Our meteorologists can be placed to work at airports, side by side with the operational staff, around the clock, every day of the year or at peak times, enabling staff to ask for the latest information and forecast graphics at any time and discuss the probabilities attached to any risk.
A five-year Met Office contract to deliver embedded weather services at Heathrow is a first for a non-military organisation in the UK. It is also a pivotal step towards Heathrow's ambition to be the world's best international airport.
Comfortable, quiet aircraft and state-of-the-art terminals are, of course, vital for keeping customers happy. But an airport's ability to deliver exceptional service - and ultimately remain commercially successful - also depends on its ability to operate within extremely tight schedules. As Ricky Oakes, Heathrow's Winter Operations Manager knows only too well - there are few things as challenging to schedules as the weather."The weather has a huge effect on Heathrow's operations," says Ricky. "Having a better understanding of it helps us make informed decisions for all departures and arrivals."
The Met Office has provided Heathrow with weather advice for many years from our Exeter headquarters. But for the airport to have the fastest, most immediate service possible it was clear they needed a provider that was based on-site where they could have access to extremely localised weather information. After all, a single inaccurate snow-forecast could cost Heathrow over £1 million.
Heathrow put the project out to tender and the Met Office was successful in winning the contract, the ultimate aim of which was to improve operational planning, maximise efficiency and reduce operating costs. To meet these objectives, the Met Office set up an in-house Met Office weather team of six, based at Heathrow, headed up by Operations Manager, James Shapland.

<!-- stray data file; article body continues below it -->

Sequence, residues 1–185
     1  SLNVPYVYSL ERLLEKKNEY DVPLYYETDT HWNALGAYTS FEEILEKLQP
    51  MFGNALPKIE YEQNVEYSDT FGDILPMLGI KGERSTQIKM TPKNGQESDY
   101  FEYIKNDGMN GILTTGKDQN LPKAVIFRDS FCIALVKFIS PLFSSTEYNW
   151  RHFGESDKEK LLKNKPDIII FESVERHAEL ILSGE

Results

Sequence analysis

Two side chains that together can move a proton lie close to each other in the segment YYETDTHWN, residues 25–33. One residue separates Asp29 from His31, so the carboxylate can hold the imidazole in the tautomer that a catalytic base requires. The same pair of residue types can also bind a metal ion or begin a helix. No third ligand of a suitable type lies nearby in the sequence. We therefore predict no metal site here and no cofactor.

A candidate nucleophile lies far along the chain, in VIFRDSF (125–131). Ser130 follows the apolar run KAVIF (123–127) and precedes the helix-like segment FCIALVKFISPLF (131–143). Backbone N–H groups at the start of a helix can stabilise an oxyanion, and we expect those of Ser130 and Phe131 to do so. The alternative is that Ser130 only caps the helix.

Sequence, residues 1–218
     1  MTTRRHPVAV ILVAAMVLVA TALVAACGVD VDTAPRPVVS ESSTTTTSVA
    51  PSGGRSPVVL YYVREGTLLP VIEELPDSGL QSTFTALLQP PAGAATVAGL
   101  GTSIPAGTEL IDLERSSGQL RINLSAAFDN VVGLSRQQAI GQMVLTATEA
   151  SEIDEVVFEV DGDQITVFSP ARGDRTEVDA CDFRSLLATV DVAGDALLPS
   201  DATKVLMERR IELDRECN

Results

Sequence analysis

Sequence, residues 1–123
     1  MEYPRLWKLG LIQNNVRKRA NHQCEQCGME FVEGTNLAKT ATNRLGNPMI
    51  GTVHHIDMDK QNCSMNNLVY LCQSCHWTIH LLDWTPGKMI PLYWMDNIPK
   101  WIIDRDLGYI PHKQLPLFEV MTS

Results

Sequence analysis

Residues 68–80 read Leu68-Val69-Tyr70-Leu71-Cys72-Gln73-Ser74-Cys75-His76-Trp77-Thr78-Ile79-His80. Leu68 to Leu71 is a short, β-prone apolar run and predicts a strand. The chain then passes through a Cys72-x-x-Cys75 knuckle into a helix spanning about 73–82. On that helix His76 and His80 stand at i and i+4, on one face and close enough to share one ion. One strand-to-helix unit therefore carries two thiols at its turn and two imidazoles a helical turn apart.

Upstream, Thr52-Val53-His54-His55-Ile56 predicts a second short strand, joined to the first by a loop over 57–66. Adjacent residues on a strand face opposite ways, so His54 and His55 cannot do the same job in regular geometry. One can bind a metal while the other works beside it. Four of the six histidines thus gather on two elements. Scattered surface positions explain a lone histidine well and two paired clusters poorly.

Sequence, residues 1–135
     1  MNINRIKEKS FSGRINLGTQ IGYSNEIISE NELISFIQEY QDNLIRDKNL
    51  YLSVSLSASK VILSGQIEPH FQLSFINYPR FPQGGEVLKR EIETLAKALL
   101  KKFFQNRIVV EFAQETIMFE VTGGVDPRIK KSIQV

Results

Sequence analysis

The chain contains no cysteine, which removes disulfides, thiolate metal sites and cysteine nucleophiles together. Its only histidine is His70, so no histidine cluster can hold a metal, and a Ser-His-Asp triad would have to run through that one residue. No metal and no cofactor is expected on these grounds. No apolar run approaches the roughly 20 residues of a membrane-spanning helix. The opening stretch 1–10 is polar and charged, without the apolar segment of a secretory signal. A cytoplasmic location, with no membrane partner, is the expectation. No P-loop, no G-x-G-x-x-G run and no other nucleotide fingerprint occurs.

Embedding weather services at Heathrow has not only revolutionised Met Office meteorologists' understanding of operating one of the world's busiest airports. It's also opened the airport's eyes to the challenges of getting the forecast right.
"We can now understand the operational implications of our forecast, as well as get to know our customer and the intricacies of the airport environment," says the Met Office's James Shapland. "We're no longer just a voice on the phone.""Knowing what's likely to happen weather-wise sooner means we can communicate in advance to affected passengers," adds Heathrow's Ricky Oakes, "as well as to local communities about flight path changes - and the government. Above all, the Met Office offers us both credibility and confidence. We wanted a partner who could tell us the things 'we didn't know we didn't know'. What we now have is a very good partnership with people who are not just hungry for knowledge - they're dedicated to continuous improvement."
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Last updated: 2 September 2016
The video below, produced by ITN Productions explores how Met Office Meteorologists work on-site at Heathrow, the world's busiest international Airport, to improve operational planning, reduce operating costs, and maximise efficiency.